Individual who is Deaf-Blind Law and Legal Definition

According to 29 USCS § 1905 [Title 29. Labor; Chapter 21. Helen Keller National Center for Youths and Adults who are Deaf-Blind], the term "individual who is deaf-blind" means "any individual--

(A) (i) who has a central visual acuity of 20/200 or less in the better eye with corrective lenses, or a field defect such that the peripheral diameter of visual field subtends an angular distance no greater than 20 degrees, or a progressive visual loss having a prognosis leading to one or both these conditions;

(ii) who has a chronic hearing impairment so severe that most speech cannot be understood with optimum amplification, or a progressive hearing loss having a prognosis leading to this condition; and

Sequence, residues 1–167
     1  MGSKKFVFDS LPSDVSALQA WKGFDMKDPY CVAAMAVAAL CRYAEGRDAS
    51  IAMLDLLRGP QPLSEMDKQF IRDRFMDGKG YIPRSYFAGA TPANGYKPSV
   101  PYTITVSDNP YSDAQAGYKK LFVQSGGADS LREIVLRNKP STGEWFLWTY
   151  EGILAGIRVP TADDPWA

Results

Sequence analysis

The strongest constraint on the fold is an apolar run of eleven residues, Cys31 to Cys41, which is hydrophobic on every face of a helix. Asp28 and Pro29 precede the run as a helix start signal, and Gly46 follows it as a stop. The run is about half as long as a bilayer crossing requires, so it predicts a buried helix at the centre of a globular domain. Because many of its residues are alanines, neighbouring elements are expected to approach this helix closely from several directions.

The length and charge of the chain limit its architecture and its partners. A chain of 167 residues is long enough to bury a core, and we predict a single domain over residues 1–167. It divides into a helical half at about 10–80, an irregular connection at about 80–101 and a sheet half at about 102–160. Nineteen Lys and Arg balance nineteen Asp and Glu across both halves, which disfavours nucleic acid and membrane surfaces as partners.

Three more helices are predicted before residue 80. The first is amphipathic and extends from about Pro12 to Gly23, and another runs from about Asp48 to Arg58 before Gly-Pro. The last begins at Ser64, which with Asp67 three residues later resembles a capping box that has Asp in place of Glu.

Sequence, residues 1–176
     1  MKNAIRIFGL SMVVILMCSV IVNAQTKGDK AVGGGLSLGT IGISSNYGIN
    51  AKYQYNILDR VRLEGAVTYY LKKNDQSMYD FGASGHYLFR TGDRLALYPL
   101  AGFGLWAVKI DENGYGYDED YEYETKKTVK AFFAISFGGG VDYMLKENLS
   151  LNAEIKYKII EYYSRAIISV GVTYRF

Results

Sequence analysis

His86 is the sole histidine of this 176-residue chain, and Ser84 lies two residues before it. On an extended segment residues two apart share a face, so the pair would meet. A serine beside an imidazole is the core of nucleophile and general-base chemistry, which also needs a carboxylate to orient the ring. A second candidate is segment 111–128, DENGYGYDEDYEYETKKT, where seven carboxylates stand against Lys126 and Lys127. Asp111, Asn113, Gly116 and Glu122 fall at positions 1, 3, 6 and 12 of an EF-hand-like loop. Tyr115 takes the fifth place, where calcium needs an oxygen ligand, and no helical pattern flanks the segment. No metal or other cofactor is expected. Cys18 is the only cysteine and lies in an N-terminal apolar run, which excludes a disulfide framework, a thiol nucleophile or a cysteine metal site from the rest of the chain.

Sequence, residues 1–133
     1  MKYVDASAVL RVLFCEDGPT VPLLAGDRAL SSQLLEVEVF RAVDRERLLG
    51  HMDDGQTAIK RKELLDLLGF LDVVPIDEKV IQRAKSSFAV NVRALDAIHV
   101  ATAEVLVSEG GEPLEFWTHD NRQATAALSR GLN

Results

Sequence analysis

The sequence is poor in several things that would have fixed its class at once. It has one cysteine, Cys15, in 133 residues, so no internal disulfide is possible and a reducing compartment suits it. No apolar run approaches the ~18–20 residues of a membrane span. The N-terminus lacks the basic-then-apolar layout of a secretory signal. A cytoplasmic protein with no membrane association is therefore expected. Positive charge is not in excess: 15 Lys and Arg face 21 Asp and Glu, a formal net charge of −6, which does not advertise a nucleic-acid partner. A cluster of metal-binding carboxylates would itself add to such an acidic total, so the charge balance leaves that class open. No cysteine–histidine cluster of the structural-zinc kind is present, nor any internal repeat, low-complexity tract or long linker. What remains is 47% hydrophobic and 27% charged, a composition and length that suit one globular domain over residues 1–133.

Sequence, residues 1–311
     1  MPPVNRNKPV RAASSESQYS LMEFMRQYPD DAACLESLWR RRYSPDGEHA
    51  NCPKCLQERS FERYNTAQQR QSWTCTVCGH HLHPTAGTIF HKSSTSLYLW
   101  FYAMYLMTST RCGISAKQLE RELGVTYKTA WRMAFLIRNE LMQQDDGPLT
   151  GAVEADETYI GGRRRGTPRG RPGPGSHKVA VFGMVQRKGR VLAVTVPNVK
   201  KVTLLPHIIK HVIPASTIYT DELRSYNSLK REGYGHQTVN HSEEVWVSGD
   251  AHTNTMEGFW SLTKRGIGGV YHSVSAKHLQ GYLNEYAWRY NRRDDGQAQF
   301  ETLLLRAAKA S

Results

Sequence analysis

(iii) for whom the combination of impairments described in clauses (i) and (ii) cause extreme difficulty in attaining independence in daily life activities, achieving psychosocial adjustment, or obtaining a vocation;

(B) who despite the inability to be measured accurately for hearing and vision loss due to cognitive or behavioral constraints, or both, can be determined through functional and performance assessment to have severe hearing and visual disabilities that cause extreme difficulty in attaining independence in daily life activities, achieving psychosocial adjustment, or obtaining vocational objectives; or

(C) meets such other requirements as the Secretary may prescribe by regulation."